During trophoblast invasion, EVTs secrete large amounts of matrix metalloproteinases (MMPs) . The actions of MMP-2 and MMP-9 are crucial for trophoblast invasion . Indeed, these gelatinases are able to degrade the major component of the endometrial extracellular matrix (ECM), i.e. collagen IV. The level of MMP activity is regulated by specific tissue inhibitors of metalloproteinases (TIMPs), which bind to and inactivate MMPs with a 1:1 stoichiometry . Thus, correct regulation of the MMP/TIMP balance in EVTs is essential for successful embryo implantation . Trophoblast invasion also requires adequate endometrial receptivity . This is characterized by morphological, biochemical, and vascular changes, including (i) the appearance of epithelial pinopods, (ii) the modulated expression of cytokines, growth factors, and adhesion molecules (particularly the upregulation of αv- and β3-integrins and the disappearance of mucin-1 and mucin-12 in endometrial epithelial cells), and (iii) the decidualization of endometrial stromal cells (ESCs). Decidualization occurs in response to the ovarian hormones 17β-estradiol (E2) and progesterone (P4). It is accompanied by the secretion of prolactin and insulin-like growth factor-binding protein-1 (IGFBP-1), and the expression of the gap junction connexin-43 (CX-43) in human ESCs [8, 9]. Decidual ECM remodeling events have also been observed. These processes are associated with MMP-2,-9 secretion and the modulation of TIMP-1,-2 gene expression in human ESCs [10,11,12]. This type of ECM remodeling enhances ESC motility and thus facilitates trophoblastic infiltration into the endometrial stroma . Decidual ECM remodeling is a complex process that is tightly controlled by intrinsic factors produced by both placental and decidual cells . For example, human chorionic gonadotropin, tumor necrosis factor alpha (TNF-α), and adiponectin facilitate EVT migration by enhancing endometrial MMP-2,-9 activities and by inhibiting endometrial TIMP-1 secretion [12, 15, 16]. Conversely, the antifungal antibiotic trichostatin A limits trophoblast invasion by increasing the production of TIMP-1,-3 by ESCs and reducing the activity of endometrial MMP-2,-9 . Hence, the local MMP/TIMP balance at the invasion site requires an appropriate interaction between trophoblasts and ESCs. Overall, the mechanisms underlying decidualization and decidual ECM remodeling are complex and have not yet been clearly elucidated.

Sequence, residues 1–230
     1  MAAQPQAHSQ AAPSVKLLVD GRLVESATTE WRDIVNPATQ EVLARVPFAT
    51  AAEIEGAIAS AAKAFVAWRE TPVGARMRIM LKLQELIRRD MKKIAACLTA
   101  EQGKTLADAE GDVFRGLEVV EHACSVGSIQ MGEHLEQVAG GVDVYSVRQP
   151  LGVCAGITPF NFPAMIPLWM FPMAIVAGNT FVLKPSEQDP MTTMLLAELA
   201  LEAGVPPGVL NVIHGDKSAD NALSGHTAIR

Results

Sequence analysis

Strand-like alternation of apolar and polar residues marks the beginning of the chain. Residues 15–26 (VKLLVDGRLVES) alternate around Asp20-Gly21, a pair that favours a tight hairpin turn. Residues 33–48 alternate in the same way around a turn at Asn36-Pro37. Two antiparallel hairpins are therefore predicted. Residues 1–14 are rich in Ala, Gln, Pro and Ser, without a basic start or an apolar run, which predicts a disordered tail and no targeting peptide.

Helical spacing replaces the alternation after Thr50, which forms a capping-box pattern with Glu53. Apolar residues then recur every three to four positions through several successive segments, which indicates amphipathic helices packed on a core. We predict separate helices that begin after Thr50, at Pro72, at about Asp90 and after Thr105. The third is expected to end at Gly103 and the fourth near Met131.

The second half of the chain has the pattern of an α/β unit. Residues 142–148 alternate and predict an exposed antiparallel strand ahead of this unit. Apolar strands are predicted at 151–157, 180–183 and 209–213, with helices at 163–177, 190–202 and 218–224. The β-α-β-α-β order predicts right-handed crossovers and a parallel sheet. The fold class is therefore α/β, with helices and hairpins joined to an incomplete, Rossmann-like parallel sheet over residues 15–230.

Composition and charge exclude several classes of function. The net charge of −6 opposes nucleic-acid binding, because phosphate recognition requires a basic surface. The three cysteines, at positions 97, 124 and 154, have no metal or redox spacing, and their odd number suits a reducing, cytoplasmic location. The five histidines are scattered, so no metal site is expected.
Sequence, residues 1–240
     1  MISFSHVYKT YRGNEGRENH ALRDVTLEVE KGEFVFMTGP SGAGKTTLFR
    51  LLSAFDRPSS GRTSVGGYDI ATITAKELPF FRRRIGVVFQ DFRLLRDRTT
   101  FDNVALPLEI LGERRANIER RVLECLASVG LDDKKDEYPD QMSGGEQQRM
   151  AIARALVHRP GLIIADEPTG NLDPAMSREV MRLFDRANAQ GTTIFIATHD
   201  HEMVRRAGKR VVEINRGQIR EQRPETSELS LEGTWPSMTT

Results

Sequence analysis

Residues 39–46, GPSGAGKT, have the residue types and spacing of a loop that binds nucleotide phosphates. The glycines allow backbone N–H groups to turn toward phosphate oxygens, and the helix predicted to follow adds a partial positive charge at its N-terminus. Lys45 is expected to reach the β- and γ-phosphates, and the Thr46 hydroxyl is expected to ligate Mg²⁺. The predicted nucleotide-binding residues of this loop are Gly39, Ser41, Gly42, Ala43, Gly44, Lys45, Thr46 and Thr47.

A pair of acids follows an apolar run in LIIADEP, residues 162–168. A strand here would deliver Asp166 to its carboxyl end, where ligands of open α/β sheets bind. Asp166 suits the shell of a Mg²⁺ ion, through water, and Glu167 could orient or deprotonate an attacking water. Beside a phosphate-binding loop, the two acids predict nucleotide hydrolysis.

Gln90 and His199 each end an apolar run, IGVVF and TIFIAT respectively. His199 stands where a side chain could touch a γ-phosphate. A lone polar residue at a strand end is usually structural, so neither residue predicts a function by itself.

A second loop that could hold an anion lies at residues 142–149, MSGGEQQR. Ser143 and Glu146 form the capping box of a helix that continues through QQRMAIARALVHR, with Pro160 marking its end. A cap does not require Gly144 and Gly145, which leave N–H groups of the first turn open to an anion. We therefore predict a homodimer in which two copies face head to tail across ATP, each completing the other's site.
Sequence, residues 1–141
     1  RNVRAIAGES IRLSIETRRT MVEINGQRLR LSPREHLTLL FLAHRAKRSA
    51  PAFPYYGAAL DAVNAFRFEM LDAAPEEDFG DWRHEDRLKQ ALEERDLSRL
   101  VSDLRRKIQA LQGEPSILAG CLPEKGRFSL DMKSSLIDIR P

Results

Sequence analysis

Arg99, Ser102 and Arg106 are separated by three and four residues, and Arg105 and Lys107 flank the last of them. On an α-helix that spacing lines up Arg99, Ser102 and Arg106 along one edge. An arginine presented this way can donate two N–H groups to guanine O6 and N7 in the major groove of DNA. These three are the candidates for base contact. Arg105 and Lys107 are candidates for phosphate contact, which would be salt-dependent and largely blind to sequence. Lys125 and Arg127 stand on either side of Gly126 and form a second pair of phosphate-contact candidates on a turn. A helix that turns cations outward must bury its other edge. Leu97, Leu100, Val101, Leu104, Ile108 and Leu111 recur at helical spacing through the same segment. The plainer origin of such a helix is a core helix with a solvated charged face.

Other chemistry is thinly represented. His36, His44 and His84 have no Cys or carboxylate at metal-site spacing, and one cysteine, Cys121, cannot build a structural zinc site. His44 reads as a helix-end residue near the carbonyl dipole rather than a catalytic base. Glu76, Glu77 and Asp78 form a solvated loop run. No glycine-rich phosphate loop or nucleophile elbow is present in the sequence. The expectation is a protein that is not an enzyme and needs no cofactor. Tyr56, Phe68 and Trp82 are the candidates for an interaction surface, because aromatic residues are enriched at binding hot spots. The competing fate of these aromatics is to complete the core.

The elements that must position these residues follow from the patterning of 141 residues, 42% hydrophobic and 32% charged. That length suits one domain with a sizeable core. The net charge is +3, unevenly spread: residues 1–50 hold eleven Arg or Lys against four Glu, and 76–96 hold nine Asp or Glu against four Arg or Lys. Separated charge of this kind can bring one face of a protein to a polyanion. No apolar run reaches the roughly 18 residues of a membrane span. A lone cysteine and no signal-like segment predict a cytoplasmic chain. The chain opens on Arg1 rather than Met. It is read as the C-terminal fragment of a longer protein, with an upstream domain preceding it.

Here, we focused on preimplantation factor (PIF) and its role in a successful, viable pregnancy. This factor is a small peptide secreted only by viable embryos and is present in the maternal circulation until term . PIF is also expressed by the placenta . Mondjie et al. have recently reported that PIF expression in trophoblastic cells is prominent in the earliest stages of pregnancy and then declines at term . PIF’s major effects are essential for the initiation and maintenance of pregnancy by (i) promoting the development of cultured embryos, (ii) acting as a rescue factor against toxic-serum-induced embryo demise , (iii) regulating systemic immunity to promote embryo tolerance while preserving the mother’s ability to fight pathogens/disease and negating natural killer cell-induced toxicity , (iv) decreasing trophoblastic apoptosis through the p53 signaling pathway  and, (v) enhancing trophoblastic invasion . Concerning this last point, it has been described that the pro-invasive effects of PIF in extravillous trophoblasts seemed to be mediated through different signaling pathways such as the mitogen-activated protein kinase (MAPK), phosphoinositide-3-kinase (PI3K), Janus-kinase signal transducer and transcription (JAK-STAT) signaling pathways . Furthermore, two studies have shown that PIF can promote endometrial receptivity by regulating genes whose products are involved in inflammation, adhesion, and apoptosis, and by promoting the secretion of immune regulatory ligands and the phosphorylation of certain kinases as MAPK that actively condition the uterine environment [23, 24]. Taken as a whole, these data strongly suggest that PIF has a crucial role in embryo implantation. However, the molecular mechanisms underlying PIF’s effects on decidualization of human ESCs have not yet been fully characterized.